Transformation Imperatives for the Indian Army in the coming decades
In a talk organised by the United Service Institution of India, on the transformation imperatives for the Indian Army in the coming decades, COAS – Indian Army – General Manoj Pande, PVSM, AVSM, VSM, ADC emphasized the required reforms and presented a roadmap for further development of the Indian Armed forces in the upcoming decades. He discussed security issues like the expansion of grey zone warfare and revamping the defence acquisition mechanism.
Maj. Gen. BK Sharma, Director at USI, welcomed COAS with the opening remarks. He highlighted the geopolitical contestation’s evolution and addressed how it had brought in new theatres such as trade and ideology. (a possible reference to Communist China).
Maj. Gen. Sharma spoke about the inclusion of new domains such as cyber warfare and disruptive technologies, the future of national security is technologically driven. He also highlighted the Russia-Ukraine war and its relevant lessons for the Indian Army. Most importantly, he mentioned the terrains and locations are still significant and critical aspects of any physical war.
Moving forward, COAS General Pande addressed a wide range of key issues ranging from technological synergy and preparedness for hybrid warfare to defence acquisition mechanisms. Below are the excerpts:
COAS highlighted that the military must align with changes, especially on the technological front. It is a necessity and is extremely critical for maintaining operational credibility. Initiatives for transforming should be tech-driven to make the Indian Army a battle-worthy force. These initiatives should include:
- Capability Development
- Human Resource Management
- Doctrinal Changes
General Pande highlighted the future of complex and highly contested warfare. He has proposed a framework based on disruptive technology and changes in the socio-economic domain. These disruptive technologies include:
- Drones Swarms
- Artificial Intelligence
- Autonomous Weapons
- Other dual-use technologies (Robotics, Nanotechnology etc)
He spoke about the ‘Inseparable nature of information warfare and disinformation’ in future conflicts. Conventional preparedness cannot be overlooked with control over territory still being considered a sign of victory.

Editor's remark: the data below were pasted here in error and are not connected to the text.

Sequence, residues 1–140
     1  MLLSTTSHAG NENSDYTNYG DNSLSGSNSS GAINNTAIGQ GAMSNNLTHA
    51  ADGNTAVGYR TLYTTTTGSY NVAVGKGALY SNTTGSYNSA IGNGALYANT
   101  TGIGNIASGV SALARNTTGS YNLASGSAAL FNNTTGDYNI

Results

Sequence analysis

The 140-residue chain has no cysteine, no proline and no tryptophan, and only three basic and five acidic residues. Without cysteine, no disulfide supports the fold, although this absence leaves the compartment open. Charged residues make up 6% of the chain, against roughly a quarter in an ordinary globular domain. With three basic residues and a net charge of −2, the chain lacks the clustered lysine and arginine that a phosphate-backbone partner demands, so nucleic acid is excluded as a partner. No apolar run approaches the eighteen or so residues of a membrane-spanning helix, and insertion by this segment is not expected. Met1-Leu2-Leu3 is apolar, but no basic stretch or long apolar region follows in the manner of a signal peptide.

He also addressed the Grey Zone Aggression/Warfare as an emerging challenge to National Security. These comprise the usage of maps to unilaterally claim territories, investments in start-ups and media including films. Speaking of the major imperatives for the Indian Army, COAS General Pande outlined several crucial aspects, it includes:
- Quick Decision-Making mechanism
- Development of deep sensors
- Creating superior information levels
- Developing the ability to take precision strikes
- Strengthen military logistics
- Create synergy among the three services
- Promote Civil-Military cooperation
- Re-align Human Resource management policies
He also spoke about re-balancing and re-orientation of the forces through:
- Intense War-games
- Upscaling of soldiers
- Robust tailor-made responsive structures
- Integrated Capacity Development Systems (ICADS)
- Working towards self-reliance in the Defense Sector by promoting indigenous sectors
- 87% of the defence contracts have been awarded to Indian manufacturers.
- Encouraging private players for the development of Drone technology, Anti-drone systems, AI, 5G and Quantum technology.
Indian Army’s outreach to academia, start-ups, MSMEs, and think tanks is a sign of greater integration for efficient decision-making. COAS suggested the establishment of a nodal agency for promoting, monitoring, and supervising the trial, testing, and specification of emerging technologies.
Revamping Defense Acquisition
To achieve desirable acquisition outcomes, acquisition strategies, organizational roles and responsibilities, and reporting structures expedited the unique characteristics of each program. COAS spoke about the need to continue improving the ability to track and analyse attributes of the acquisition system. Broadly improving the analysis would help Indian Armed Forces in focusing the effects of changes in acquisition policy and better plan for the long term.
Move away from the L-1 to the T-1 concept.
COAS suggested the need to revisit the L1 Concept, in which the contracts awarded to the lowest bidder often lead to substandard equipment instead of the best in several instances. He suggested the need to move into the T1 concept. The choice of a bidder is not limited to or determined by the vendor offering the lowest price among those that are technically compatible, but rather by a combination of affordable price and superior technology, or by meeting Enhanced Performance Parameters (EPP).
General Pande termed the scheme as a paradigm shift toward defence recruitment. It will lead to a correct balance of combat experience and youthful profile. Setting up a Centralised Automated Database to monitor the progress of the ‘Agniveers’, will eventually help the army to retain those who perform well consistently. The current statistics suggest that 7.2% of army personnel belong to the low-medical category (cannot be assigned for combat role), 90% of which have 4-5 years of service. The induction of Agniveers will provide medically fit soldiers.
The challenge will be to maintain operational preparedness and remain strategically potent.
(With inputs from United Service Institution; Edited by Anamitra Banerjee)
The views and opinions expressed in this article are those of the author and do not necessarily reflect the views of The Kootneeti Team